New & Used Ford C-Max: In Depth
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The Ford C-Max is a range of fuel-efficient hatchbacks that includes a C-Max gas-electric Hybrid model, and a plug-in hybrid C-Max Energi model.
The C-Max is part of Ford's global "C" family of cars, which includes the Ford Escape and Focus. The C-Max is built in the same Michigan assembly plant as those vehicles.
New for the 2013 model year, the C-Max was coined as a rival for the Toyota Prius, and now also competes with the likes of the Chevy Volt.
MORE: Read our 2016 Ford C-Max review
Both C-Max models sit high and share common Ford design touches, including a large front grille opening meant to tie the C-Max to the appearance of the Ford Focus Electric, the company's only all-electric vehicle. For a tall hatchback, the stylists have done their best to give it flowing lines, including highlighted wheel arches and a slight haunch over each rear wheel. The effect is nowhere near as racy as the Focus five-door hatchback, but this car serves a different audience: buyers who want the highest gas mileage and a car that says it's a hybrid.
Inside, Ford's C-Max shares styling cues with the Focus hatchback and sedan. The modern styling, soft-touch surfaces, and chrome accents give it a more upscale look than the Space Age hard-plastic interior of the Prius. And the full-color gauge and information display behind the steering wheel can be configured to show the car's operating data in a variety of ways, depending on what the driver would like to see.
The C-Max models share a 2.0-liter inline-4 tuned specifically to work with Ford's hybrid system, which contains a pair of electric motor-generators that power the vehicle and recharge the battery in constantly changing ratios. Total power output between the engine and drive motor is 188 horsepower, or 54 hp more than the Prius' powertrain. In practice, that means that the C-Max engine doesn't struggle quite as much and sounds less desperate under the heaviest loads, like short uphill freeway on-ramps.
The hybrid C-Max sells in greater volumes, but the plug-in hybrid Energi model receives better fuel-economy ratings. The plug-in model is rated at 20 miles of electric range (down from 21 mpg) and 38 mpg combined (down from 43 mpg). In practical terms, this means most drivers can get 15 or more miles of electric-only travel before the C-Max Energi exhausts its battery pack and reverts to being a regular hybrid (with slightly lower gas mileage due to its higher weight and lower gearing).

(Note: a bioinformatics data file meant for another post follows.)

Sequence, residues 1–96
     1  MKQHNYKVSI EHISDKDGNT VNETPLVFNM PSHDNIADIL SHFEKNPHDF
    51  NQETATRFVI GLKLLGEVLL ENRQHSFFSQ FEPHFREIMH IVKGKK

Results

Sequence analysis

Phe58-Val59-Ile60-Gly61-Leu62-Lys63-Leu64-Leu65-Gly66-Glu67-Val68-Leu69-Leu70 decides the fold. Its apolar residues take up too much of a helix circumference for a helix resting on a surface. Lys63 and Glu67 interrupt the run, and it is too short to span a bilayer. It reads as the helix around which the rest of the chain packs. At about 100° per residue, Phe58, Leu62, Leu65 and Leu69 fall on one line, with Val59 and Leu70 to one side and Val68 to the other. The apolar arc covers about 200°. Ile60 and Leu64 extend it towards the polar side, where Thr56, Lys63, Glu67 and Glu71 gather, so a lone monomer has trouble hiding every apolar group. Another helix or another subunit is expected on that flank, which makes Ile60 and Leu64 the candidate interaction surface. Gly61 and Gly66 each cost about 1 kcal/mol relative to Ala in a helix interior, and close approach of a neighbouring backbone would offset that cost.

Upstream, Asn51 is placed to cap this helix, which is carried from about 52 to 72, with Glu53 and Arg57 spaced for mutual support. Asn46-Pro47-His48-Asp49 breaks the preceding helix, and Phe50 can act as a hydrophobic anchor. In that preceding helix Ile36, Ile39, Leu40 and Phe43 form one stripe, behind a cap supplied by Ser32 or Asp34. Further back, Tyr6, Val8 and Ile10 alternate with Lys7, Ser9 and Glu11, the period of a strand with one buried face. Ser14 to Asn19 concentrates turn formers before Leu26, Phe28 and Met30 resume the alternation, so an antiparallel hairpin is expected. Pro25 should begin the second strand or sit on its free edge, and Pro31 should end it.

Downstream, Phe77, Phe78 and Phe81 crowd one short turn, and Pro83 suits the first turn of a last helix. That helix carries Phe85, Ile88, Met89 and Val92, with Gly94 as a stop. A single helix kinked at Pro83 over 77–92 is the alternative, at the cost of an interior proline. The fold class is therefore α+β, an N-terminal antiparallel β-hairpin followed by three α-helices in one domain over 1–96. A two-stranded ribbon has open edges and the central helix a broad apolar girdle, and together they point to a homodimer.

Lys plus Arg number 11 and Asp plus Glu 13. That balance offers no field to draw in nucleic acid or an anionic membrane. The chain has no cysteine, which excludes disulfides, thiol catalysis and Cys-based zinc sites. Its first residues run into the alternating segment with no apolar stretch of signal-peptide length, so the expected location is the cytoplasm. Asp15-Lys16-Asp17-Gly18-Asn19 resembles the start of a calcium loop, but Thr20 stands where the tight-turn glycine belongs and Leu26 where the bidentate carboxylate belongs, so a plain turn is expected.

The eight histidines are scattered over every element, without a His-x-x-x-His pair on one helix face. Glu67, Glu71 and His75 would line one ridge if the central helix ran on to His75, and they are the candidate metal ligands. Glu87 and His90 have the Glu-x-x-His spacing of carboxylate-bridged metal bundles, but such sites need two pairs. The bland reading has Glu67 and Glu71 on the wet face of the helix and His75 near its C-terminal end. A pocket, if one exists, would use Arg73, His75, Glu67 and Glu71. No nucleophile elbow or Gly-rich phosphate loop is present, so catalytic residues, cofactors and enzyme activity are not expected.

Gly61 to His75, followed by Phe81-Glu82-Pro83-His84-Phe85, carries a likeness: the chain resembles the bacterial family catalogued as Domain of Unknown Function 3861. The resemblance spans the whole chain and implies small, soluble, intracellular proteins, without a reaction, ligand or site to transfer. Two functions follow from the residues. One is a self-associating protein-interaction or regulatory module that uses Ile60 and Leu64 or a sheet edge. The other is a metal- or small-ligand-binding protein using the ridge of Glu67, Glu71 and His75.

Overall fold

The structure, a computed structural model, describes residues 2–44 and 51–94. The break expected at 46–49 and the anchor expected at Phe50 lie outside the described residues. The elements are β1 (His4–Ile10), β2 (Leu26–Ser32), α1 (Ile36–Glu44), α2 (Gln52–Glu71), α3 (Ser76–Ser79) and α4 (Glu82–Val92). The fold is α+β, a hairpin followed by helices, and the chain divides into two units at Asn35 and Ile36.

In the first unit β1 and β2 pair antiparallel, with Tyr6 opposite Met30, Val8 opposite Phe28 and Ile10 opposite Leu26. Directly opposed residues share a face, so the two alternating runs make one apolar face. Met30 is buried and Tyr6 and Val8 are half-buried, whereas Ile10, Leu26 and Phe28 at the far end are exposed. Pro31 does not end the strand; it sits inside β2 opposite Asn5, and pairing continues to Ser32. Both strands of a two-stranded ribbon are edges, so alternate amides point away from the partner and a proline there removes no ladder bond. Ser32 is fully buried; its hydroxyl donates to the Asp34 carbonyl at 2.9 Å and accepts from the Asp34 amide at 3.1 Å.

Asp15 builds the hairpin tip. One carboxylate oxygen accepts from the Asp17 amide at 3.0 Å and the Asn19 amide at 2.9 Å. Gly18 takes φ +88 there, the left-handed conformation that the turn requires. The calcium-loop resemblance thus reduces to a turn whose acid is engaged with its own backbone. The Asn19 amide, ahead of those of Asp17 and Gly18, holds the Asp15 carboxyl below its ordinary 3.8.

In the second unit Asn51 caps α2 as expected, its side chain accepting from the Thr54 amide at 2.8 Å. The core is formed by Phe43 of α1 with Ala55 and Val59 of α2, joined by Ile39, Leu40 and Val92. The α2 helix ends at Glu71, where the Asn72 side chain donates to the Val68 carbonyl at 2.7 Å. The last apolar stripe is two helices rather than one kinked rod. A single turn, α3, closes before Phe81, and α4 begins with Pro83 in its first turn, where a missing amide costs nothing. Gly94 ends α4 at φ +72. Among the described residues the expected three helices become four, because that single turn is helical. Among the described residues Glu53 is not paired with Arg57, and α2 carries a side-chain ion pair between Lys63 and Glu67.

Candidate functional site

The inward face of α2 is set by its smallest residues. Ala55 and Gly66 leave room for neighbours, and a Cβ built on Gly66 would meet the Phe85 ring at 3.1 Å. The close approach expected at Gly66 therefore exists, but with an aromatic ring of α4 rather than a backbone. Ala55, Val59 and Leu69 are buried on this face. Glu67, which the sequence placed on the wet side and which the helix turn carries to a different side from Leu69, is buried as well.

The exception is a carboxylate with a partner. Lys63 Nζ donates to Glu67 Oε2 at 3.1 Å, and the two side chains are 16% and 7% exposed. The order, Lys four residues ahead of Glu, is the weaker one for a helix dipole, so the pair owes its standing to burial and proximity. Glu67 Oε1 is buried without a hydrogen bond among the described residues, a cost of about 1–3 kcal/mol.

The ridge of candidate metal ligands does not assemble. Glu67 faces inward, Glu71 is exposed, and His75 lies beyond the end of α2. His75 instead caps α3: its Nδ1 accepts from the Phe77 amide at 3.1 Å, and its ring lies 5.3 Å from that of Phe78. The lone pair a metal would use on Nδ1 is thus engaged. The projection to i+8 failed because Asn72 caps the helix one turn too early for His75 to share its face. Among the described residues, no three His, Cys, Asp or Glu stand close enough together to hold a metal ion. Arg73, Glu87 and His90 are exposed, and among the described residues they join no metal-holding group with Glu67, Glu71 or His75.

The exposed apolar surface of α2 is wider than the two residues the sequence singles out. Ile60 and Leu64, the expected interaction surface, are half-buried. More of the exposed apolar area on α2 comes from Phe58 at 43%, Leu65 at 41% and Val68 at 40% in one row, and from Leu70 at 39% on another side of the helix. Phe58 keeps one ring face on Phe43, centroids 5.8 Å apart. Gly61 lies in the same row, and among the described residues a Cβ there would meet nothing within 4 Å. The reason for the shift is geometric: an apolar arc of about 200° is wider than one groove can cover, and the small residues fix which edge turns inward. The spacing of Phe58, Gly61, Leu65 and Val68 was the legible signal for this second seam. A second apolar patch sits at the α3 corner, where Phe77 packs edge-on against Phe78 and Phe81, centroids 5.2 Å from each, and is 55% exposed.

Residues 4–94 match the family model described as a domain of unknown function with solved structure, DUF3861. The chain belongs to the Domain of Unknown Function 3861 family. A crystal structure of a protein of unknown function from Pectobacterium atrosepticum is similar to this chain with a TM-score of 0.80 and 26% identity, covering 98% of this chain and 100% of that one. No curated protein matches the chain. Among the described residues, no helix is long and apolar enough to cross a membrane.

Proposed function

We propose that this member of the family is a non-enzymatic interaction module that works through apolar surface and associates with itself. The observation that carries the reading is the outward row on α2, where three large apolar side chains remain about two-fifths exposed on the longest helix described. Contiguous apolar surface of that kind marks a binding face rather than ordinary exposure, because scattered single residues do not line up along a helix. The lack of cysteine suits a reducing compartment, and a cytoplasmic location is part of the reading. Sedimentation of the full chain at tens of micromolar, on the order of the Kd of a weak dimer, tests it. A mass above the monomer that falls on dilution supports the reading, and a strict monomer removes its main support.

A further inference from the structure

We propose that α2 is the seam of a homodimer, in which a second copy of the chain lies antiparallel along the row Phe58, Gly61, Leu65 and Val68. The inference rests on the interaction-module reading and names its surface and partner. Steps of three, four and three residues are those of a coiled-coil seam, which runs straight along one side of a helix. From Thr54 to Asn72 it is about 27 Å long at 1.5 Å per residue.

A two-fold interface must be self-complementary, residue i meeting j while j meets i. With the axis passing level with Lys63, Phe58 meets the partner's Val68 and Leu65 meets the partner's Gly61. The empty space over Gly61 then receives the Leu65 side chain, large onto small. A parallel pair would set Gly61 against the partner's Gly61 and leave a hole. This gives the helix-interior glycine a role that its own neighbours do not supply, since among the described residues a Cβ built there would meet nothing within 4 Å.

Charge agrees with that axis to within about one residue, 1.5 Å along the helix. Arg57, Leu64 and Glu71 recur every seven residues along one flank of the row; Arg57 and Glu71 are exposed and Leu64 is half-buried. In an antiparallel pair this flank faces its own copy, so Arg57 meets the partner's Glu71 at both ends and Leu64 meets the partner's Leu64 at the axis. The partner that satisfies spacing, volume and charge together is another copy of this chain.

The C-Max receives decent ratings from both the NHTSA and the IIHS, with the former giving both models four stars overall. The IIHS has only tested the C-Max Hybrid, and gives it top marks in all categories except the new small frontal overlap test, where it scores an "Acceptable" rating. The models include front and side airbags for both front-seat occupants, side-curtain airbags for the first and second rows, and a driver's knee airbag. They have the usual array of electronic safety systems, including stability control, traction control, and anti-lock brakes.
Sales of the C-Max were affected by complaints from early owners and journalists who were unable to achieve the lofty EPA fuel-economy numbers Ford originally claimed. As a result, the C-Max has had its ratings reduced two times, the first in August 2013 and then again in June 2014. Similar adjustments were made to other Ford and Lincoln hybrid claims.
While the 2013 Ford C-Max Hybrid was originally rated at 47 mpg city, 47 highway, 47 combined, Ford lowered that rating to 43 mpg combined in 2013, following a pledge from the EPA that it would investigate the situation. Ford agreed to pay the buyers of 2013 C-Max models a set amount for the extra gasoline they presumably had to purchase.
Then in June 2014, Ford lowered the C-Max ratings a second time, to 42/37/40 mpg after discovering errors in lab-test measurements and calculations for aerodynamic drag. Ford reached an agreement with the EPA to lower the ratings and send an additional check for the increased gasoline costs to all owners of 2013 and 2014 C-Max Hybrids. Altogether, six separate Ford and Lincoln hybrid models had their efficiency ratings reduced at the same time.
The new ratings are much closer to the real-world mileage of 36 to 39 mpg achieved by both reviewers and owners. That remains a credible number for a heavy and well-equipped five-door compact car, but the purpose-built Toyota Prius range still trounces it, delivering real-world gas mileage of more than 50 mpg combined (excluding the Prius V wagon, which is rated at 42 mpg).